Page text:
Infectious disease leaders say field's 'trajectory is good' despite residency match decline

Amid several years of declining entry to the field, infectious disease leaders analyzed results from recent residency matches to understand what the field's trajectory looks like ahead — and they reported positive things are on the horizon.

More than 80 percent of U.S. counties are still without an infectious disease expert, according to a report from the Infectious Diseases Society of America released in September.

While several reasons for the decline exist, including lower pay for physicians in the field than others and higher burnout rates, these experts continue to be in high demand. Results from Match Day 2023 suggest there is a light on the horizon.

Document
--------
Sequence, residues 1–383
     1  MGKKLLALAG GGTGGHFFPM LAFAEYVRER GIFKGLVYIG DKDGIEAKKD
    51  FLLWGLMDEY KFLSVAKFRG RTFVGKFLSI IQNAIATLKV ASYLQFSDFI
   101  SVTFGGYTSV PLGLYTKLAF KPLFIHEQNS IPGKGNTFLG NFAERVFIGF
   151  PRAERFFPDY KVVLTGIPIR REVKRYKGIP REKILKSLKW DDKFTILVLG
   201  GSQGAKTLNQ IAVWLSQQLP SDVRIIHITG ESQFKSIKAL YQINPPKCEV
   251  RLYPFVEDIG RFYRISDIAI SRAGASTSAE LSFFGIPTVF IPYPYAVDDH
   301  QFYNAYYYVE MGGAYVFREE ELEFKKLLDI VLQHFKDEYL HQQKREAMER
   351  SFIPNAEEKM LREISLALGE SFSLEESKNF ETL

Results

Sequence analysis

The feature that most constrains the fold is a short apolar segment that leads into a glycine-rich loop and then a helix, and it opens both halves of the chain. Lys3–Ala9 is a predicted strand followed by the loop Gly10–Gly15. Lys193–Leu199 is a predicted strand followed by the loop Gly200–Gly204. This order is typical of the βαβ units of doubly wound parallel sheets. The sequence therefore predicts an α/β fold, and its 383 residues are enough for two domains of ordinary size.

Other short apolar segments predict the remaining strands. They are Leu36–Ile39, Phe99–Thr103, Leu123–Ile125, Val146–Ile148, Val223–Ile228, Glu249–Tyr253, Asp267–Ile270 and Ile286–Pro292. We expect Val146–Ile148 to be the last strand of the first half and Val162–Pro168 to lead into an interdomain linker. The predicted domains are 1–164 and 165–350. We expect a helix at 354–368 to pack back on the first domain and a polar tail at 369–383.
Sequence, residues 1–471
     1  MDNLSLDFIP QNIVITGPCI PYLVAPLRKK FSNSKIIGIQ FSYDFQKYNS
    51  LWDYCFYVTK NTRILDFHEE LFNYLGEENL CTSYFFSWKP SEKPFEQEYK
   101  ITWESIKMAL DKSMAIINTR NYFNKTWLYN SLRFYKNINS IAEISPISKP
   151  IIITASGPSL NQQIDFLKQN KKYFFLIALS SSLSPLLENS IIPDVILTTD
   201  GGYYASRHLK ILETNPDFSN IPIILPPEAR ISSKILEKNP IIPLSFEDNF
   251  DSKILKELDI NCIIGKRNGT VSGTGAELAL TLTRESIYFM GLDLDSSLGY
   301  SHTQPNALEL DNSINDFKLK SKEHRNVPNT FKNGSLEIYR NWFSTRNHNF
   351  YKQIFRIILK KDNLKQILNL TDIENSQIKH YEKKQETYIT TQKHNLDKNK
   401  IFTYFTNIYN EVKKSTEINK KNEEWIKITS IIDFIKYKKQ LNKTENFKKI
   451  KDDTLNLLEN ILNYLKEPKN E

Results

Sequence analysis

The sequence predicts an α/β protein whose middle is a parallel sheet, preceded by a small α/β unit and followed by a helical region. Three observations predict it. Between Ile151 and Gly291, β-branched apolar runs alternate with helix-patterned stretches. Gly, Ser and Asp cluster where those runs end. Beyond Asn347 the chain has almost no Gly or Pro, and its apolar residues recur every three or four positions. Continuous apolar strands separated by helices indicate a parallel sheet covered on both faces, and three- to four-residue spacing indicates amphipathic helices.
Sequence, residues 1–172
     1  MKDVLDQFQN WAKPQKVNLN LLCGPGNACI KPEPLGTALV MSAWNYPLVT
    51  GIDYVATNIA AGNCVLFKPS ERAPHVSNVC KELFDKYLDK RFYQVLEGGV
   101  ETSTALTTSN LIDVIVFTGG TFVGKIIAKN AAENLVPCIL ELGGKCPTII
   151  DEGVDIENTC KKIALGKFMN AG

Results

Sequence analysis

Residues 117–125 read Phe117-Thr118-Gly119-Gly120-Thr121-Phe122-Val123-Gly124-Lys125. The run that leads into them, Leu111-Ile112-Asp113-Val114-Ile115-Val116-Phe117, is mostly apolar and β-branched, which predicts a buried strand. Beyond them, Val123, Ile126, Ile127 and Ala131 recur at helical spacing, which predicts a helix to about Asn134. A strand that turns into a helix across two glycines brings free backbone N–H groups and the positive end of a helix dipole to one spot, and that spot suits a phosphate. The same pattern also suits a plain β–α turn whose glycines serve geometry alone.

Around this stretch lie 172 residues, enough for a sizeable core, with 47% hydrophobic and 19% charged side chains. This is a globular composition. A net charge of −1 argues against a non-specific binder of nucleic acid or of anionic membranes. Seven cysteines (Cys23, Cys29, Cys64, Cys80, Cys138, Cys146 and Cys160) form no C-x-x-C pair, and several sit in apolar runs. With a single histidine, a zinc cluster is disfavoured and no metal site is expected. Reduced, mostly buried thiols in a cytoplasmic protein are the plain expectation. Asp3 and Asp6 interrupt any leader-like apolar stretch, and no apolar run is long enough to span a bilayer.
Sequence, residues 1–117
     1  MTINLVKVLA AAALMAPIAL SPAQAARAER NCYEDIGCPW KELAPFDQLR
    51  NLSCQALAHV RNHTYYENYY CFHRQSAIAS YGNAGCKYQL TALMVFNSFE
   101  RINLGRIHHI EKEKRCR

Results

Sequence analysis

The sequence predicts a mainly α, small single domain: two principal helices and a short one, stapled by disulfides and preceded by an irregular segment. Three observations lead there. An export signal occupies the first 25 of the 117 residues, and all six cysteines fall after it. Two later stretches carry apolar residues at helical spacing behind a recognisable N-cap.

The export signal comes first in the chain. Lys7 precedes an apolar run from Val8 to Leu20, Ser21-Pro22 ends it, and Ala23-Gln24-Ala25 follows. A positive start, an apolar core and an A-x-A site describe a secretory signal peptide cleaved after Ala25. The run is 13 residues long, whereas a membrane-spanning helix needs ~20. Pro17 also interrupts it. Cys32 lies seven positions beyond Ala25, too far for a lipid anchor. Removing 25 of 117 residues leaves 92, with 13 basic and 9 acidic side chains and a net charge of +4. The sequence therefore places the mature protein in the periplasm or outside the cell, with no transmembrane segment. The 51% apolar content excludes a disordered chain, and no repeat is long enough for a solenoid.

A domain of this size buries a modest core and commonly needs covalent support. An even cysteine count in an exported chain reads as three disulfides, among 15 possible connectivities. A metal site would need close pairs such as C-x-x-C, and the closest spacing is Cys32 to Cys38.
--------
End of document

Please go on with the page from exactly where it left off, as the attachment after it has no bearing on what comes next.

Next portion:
This year's numbers were down from the previous year, but there are caveats, a detailed March 23 news release from the IDSA found

"While this year's numbers — 74% of offered positions in adult ID and 56% of total programs filled — were a slight downturn over the last two years, in reality, we are offering more positions and opening more programs than ever before," the release states. "Our trajectory is good, and the ID field remains a vibrant and exciting specialty."

However, the IDSA also noted that a particular area of struggle the profession is seeing is within the pediatric infectious disease specialty. 

All in all, despite the residency match declines, the field's leaders say the profession is strong as it also draws in many international graduates. 

"The situation overall is not dire, and we need to change the narrative that the ID field is falling off a cliff or failing in some way," the release notes.

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